With some albums, if you didn’t hear them when they originally came out, it’s difficult to imagine quite what their original release might have been like. So it is for me with The Cross of Changes, Enigma‘s second album, released this week in 1993.
A couple of years on from Michael Cretu‘s debut as Enigma (he’d done a number of albums under other pseudonyms previously), The Cross of Changes is far from the “difficult second album” that you might expect. It’s a little darker than its predecessor MCMXC a.D. (1990), and driven more by the obscure vocal samples than the pure relaxation of the previous album, but it is, for the most part, easily as good.
The first track Second Chapter isn’t really a proper track at all, as much as an introduction, complete with a slightly silly whispered vocal from Cretu’s wife Sandra. It quickly builds into The Eyes of Truth, one of the singles from the album, and a totally epic track. Seemingly largely forgotten in recent years (that is, it didn’t appear on either of his “best of” albums), it’s easily one of Enigma‘s best tracks. The vocal is incredible and evocative, and all the pan pipey stuff turns the whole track into a bit of a rollercoaster ride of emotions. Or maybe that’s just me…
The same is very definitely true of the next track, the enormous hit single Return to Innocence. It’s worth mentioning that the main vocal on this track is in fact by an indigenous Taiwanese singer, not a Native American – just for the record. Either way, it’s a quite incredible track, and if you disagree you’re wrong. It’s also worth a quick mention for the Wikipedia article for this song, which to my great amusement describes how the single was released on a format called ’12” (30cm)’.
Then the longest track on the album, the nine-minute I Love You… I’ll Kill You, to close Side A of the original LP. Another totally enormous, and quite incredible piece of music, there’s very little else you can say. It’s got a huge guitar solo in the middle, which is either unnecessary or an epic rock and roll moment, depending on your viewpoint.
But despite all of what we’ve heard so far, it wouldn’t be unfair to regard The Cross of Changes as the weakest of the original Enigma trilogy – the first really set out the template for the project, and it wasn’t until the third that he truly entered his element, but that doesn’t make this a bad album by any stretch of the imagination.
Side B, from Silent Warrior onwards, certainly lacks the strength of the earlier tracks. The first has a lot going for it – it’s overflowing with rainforest noises, and the chorus is entirely chanty (no monks though). As far as I can make out Cretu is trying to question whether the Conquistadors were doing the right thing, and given that they almost uniformly weren’t, it’s difficult to work out quite what the point in the song is. It’s nice enough though.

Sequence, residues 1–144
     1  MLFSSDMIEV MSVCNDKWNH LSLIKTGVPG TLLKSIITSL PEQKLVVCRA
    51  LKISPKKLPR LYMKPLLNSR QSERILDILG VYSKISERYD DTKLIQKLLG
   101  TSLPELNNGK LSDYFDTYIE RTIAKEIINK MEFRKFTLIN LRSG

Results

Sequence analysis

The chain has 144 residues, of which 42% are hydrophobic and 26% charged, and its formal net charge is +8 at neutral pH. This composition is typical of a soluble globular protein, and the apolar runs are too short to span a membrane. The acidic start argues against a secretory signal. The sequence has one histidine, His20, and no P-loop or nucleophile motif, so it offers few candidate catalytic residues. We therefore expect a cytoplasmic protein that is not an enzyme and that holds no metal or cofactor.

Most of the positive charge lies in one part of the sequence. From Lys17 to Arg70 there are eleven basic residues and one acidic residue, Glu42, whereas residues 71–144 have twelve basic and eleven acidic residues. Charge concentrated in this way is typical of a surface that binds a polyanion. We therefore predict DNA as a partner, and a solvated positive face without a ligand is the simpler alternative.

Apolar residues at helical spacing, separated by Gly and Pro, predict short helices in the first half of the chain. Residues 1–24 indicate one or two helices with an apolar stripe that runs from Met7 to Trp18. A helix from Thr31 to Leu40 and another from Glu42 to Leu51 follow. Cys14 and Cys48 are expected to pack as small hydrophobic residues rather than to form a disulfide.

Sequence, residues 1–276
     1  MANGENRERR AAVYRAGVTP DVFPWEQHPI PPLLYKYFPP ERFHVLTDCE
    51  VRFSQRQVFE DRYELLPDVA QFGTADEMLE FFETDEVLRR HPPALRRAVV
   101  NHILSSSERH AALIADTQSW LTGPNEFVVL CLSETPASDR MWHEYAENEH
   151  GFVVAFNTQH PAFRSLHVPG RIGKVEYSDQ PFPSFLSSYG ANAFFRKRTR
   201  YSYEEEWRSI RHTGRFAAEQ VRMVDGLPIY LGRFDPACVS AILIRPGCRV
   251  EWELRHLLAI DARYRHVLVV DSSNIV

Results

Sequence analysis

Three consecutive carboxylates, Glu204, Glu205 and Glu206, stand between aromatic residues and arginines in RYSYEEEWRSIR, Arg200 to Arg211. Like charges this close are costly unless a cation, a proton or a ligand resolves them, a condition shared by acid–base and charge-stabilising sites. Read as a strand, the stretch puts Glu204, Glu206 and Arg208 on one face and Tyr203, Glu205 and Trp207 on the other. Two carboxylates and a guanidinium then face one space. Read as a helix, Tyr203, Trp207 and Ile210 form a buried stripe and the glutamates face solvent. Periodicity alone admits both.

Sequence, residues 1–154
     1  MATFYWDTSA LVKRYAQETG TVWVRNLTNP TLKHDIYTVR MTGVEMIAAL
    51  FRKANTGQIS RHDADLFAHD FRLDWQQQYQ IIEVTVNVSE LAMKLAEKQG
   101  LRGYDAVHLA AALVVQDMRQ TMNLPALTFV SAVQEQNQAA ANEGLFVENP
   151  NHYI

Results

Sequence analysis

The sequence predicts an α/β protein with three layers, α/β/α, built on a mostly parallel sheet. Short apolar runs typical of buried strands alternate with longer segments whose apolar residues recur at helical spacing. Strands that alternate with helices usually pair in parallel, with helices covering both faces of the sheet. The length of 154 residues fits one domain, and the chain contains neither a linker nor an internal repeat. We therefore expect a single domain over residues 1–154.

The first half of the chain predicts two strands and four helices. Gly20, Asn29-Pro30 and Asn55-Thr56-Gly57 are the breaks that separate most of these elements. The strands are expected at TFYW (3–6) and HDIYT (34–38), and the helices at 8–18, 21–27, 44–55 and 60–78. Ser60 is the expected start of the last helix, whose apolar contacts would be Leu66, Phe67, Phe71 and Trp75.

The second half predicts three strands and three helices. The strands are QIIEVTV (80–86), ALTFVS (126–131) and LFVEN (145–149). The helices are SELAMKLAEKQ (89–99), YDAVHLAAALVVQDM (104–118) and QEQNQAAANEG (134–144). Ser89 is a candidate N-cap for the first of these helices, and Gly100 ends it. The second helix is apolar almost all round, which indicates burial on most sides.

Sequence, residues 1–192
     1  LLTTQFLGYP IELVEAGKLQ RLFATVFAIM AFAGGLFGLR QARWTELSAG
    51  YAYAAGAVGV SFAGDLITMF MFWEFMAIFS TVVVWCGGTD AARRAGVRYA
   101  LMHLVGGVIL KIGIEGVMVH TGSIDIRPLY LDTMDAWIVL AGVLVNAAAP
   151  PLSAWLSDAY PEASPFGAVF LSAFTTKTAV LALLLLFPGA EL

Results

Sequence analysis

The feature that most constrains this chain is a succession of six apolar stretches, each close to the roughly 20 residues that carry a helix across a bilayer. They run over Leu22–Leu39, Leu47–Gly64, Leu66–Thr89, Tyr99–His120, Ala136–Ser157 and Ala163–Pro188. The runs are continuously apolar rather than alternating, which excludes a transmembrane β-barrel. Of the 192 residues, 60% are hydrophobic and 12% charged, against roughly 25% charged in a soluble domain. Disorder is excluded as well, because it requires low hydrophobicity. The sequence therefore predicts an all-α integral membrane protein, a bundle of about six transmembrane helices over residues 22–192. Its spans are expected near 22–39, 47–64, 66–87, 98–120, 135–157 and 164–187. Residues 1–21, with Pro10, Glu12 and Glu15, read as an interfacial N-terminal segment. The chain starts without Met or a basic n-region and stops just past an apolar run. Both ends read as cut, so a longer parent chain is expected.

The Dream of the Dolphin is also pleasant, although a little inconsequential. The line about “Remember the shaman, when he used to say…” has never yet failed to make me think it’s about to continue, “… Keep coming on / You know we keep coming on,” (The Shamen, who did Comin’ On the previous year, in case that isn’t obvious). And then we’re onto Age of Loneliness (Carly’s Song), which perhaps isn’t quite as good as anything on Side A, but it is pretty good nonetheless – another soaring vocal and ethnic rhythm. I’ve no idea what Sandra is banging on about in her bit, but it sounds good anyway.
Out from the Deep is the one track on this album which could really be considered sub-standard. At the very least, it’s different, but I don’t think that’s the problem, although it is entirely out of place on this album, as I suspect Cretu may have found out when devising the transition from the previous track. There is a lot that jars though, such as his pronunciation of “mishtakesh,” or the entirely inconsequential lyric, which seems to be an attempt to be profound, but fails on every level. By the end though, I suspect you’ll realise that you were actually quite enjoying it.
But every silver lining has its cloud, and The Cross of Changes is, by and large, an extremely good album. If nothing else, it’s an entirely competent follow-up to MCMXC a.D., which was no doubt part of the exercise. In the end, the last track – also the title track – rounds things off rather nicely and takes us back to the very relaxed state where the album began.
There’s a limited edition with some remixes tacked on the end and a gold-plated CD, but you’re probably not going to find a copy for a sensible price. Instead, just go for the 9-track version which is available all over the place.